It has been 18 months since the Nachos Brothers had pushed their way through the doors of an establishment to investigate their nachos. For myself, I had spent the previous months in solitude striving to attain enlightenment with the help of a miniature Doberman called Simon, and a collection of late 1950’s milk-churning figurines. My esteemed nachos brother had been rudely awakened by my calling to announce our return, and he refused to comment on his whereabouts, but I couldn’t help but notice the jaunty moustache and carefully manicured hair that lent itself to suggest he was now quite an accomplishment harpsichord player.
Our renewed quest begins at Purépecha, a Cobble Hill restaurant curiously named after a difficult Mayan sexual position, which gained much press as the main inspiration behind the seating design for the Challenger Space Shuttle. Unfazed we took a deep breathe, entered, and announced ourselves loudly and confidently to …a completely empty restaurant. A tired young man shuffled over and mumbled a request for our vaccination proof before directing us to an empty hand sanitizer dispenser. My nachos brother angrily shook the stand pumping with a gusto normally seen when the Marx brothers are filling a hot air balloon.
The nachos offered the usual toppings of guac, pico de gallo, sour cream etc, and our server enlightened us with a baffling list of extra toppings, meat, vegetable and otherwise. We had to ask him to run through it again, before choosing marinated pork. It didn’t state if it was cooked or not, but we had our fingers crossed.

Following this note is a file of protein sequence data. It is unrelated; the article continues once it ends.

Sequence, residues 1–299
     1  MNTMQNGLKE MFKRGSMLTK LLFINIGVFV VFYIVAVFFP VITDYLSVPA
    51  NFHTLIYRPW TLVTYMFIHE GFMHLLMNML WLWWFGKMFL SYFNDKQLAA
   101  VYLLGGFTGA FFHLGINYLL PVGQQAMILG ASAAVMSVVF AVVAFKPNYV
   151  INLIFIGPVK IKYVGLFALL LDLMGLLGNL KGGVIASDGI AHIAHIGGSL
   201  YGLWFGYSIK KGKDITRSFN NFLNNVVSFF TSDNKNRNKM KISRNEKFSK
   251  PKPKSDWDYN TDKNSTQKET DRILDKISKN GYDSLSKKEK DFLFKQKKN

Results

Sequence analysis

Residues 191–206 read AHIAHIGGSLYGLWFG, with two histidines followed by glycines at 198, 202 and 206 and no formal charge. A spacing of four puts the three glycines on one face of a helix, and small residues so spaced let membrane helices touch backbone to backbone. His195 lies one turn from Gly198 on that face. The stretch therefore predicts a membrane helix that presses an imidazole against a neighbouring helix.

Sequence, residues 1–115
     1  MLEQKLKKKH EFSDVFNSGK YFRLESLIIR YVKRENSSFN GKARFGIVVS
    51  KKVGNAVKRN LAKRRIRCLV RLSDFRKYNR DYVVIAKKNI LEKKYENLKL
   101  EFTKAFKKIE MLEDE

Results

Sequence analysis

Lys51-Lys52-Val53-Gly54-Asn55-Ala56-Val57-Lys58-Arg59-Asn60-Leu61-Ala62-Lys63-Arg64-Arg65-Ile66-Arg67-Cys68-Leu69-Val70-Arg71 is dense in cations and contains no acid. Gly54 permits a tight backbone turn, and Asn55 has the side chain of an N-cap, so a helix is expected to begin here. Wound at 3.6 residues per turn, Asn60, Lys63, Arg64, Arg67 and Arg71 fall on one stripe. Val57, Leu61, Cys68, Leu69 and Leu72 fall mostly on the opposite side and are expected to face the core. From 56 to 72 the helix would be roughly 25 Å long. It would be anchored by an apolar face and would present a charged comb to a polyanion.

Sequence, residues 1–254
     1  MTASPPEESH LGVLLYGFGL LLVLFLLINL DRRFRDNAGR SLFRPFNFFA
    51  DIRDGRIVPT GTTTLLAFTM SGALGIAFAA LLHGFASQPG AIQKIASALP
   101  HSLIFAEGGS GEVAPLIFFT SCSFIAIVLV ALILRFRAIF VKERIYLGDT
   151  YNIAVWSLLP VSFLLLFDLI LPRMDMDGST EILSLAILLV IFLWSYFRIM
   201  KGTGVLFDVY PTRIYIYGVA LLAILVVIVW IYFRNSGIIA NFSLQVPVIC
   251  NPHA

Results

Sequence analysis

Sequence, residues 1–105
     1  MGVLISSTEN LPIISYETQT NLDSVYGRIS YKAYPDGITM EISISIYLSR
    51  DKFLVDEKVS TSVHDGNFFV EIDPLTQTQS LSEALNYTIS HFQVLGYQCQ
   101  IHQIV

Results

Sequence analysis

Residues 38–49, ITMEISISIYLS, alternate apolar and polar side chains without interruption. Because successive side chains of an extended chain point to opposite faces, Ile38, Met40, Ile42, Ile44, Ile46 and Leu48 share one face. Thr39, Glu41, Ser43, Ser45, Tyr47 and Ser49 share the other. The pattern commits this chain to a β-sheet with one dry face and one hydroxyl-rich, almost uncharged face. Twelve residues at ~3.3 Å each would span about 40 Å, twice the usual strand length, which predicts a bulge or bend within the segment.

In very short time, perhaps helped by ourselves being the only customers, the meal landed on our table with a slight “chink.” And I say slight, as the plate was remarkably small, perhaps something on which one would serve a cup of Earl Grey Tea. Extraordinary. I guess these heathens assume nachos is only worthy of appetizer-izing. They looked good though, if one leaned in for a better view, otherwise the Lilliputian aspect of them was not overly appetizing. We could see immediately that the chips were homemade, and the toppings were in correct proportions. And the marinated pork had indeed been cooked.
Our first mouthful left both of us a little startled, and in unison we said “Can you taste cinnamon?” Yes, a very strong cinnamon taste in the cooked marinated pork. Not overly pleasant, but we soldiered on. Grunting and also discussing climate change and the margin for error in performing CPR in a Moroccan cul-de-sac, we soon realized we weren’t particularly enjoying our nachos. The chips were nice and crunchy but on getting past the top layer proved to be incredibly greasy, literally sliding out of our hands into an ever-growing pool of duck bill-orange oil in the bottom of the plate. The cheese was not distributed at all through the nachos, and the strangest thing was the guac, and sour cream both tasted the same, like nothing.
It was all a little infuriating. Despite their crunchy texture, and the constituents all being house-made, we found ourselves being incredibly underwhelmed. We hurriedly paid our bill before tip-toeing out the door, the server busy on his phone no doubt reviewing his own performance on Yelp.